Sunset at The Cichlid Hole was a quiet and pleasant moment. The surface of the pool was littered with red blossoms. At first I thought they were lost fishing bobbers and I was a little angry at the thought that somebody else had the nerve to fish there, but they were simply nature’s way of decorating the end of an already beautiful week.
Bridge by secret cichlid hole

Shoal Creek Fly Fishing Austin | 3rd St.

Adventures Fly Fishing Austin’s Shoal Creek

When I first came up with the idea of fishing Shoal Creek it was a bit of a joke. After all, most of the year there is either no flowing water, or little more than a trickle. It is a series of puddles, studded by drainage culverts and shadowed by luxury condominium high-rises.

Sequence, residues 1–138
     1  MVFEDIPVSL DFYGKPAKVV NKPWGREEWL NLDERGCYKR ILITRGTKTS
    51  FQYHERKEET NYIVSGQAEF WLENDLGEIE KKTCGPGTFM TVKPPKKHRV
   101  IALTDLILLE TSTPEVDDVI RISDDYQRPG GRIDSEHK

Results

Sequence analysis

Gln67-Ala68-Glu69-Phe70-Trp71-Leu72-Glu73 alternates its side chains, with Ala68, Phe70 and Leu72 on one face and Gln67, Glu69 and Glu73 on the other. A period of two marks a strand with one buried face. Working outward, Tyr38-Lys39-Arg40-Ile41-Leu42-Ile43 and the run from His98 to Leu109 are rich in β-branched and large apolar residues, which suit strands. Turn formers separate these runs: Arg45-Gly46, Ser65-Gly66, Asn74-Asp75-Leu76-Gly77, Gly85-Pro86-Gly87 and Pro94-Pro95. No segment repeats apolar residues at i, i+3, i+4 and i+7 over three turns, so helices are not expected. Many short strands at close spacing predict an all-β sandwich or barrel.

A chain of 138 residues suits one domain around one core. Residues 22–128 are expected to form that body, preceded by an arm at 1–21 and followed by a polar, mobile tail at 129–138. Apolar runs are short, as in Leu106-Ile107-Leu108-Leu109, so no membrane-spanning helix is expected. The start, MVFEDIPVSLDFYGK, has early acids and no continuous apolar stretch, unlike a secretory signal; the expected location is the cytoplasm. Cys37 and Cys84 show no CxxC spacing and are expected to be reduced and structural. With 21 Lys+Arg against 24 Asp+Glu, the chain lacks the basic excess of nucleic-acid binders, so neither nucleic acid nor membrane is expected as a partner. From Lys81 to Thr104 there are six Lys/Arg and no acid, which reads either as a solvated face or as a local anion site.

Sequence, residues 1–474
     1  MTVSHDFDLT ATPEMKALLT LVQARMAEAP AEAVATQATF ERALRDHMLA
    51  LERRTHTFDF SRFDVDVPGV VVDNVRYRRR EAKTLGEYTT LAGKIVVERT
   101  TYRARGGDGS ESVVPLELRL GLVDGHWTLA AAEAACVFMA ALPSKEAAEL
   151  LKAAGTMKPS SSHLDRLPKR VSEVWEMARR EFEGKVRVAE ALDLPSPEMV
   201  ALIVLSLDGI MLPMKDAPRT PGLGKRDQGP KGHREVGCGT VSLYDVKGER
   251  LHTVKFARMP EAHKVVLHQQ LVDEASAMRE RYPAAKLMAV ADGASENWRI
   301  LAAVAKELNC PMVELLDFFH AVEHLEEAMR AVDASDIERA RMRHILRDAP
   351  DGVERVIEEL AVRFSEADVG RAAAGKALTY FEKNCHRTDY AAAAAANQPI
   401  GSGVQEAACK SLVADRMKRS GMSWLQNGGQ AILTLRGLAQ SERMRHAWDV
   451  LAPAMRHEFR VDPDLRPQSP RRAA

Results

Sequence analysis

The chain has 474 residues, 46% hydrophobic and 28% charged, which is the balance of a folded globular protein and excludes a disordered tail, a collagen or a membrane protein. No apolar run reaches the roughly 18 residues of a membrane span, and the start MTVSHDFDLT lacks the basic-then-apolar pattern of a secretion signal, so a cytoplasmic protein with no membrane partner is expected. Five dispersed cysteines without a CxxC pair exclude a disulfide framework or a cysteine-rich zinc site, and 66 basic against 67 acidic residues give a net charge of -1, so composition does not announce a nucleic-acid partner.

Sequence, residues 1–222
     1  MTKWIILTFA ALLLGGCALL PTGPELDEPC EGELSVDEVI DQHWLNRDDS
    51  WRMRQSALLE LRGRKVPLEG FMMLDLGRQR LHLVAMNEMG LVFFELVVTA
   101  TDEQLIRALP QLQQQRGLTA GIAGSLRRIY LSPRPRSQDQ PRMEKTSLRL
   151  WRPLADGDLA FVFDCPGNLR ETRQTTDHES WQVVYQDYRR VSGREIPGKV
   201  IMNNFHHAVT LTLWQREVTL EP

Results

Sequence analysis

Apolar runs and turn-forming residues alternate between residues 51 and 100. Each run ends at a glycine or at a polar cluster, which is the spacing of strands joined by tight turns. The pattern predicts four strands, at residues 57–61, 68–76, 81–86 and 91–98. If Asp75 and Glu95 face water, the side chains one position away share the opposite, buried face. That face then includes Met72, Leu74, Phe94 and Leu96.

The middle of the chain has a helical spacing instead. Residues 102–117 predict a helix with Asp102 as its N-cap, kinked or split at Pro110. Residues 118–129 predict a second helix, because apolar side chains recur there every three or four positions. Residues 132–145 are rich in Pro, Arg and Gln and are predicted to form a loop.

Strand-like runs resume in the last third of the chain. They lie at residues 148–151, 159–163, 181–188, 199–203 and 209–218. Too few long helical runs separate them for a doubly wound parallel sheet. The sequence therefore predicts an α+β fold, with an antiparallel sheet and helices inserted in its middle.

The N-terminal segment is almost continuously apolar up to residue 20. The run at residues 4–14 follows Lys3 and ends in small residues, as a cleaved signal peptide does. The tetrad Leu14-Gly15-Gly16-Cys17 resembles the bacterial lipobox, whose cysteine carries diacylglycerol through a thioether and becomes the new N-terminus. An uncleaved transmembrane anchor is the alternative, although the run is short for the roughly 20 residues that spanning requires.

But as it turns out, it has some of the best catch and release fly fishing that Fishing Team has encountered.

We started out at the lower end of the creek. There’s a an old concrete stairway leading down from the hike and bike trail. The bank is steep and unkempt. Hobo camps hide along the brush.

The creek is deep here, practically a spur of the lake. But the water is fairly stagnant. We have to drop our flies into a few clear patches in the film of algae.

The old standby of prince nymphs produces a healthy crop of sunfish and several largemouth bass, baby bass but bass just the same.

Shoal Creek Fly Fishing Austin | North of Cesar Chavez

Third Degree sets the hook and yanks this little beauty right out of the water.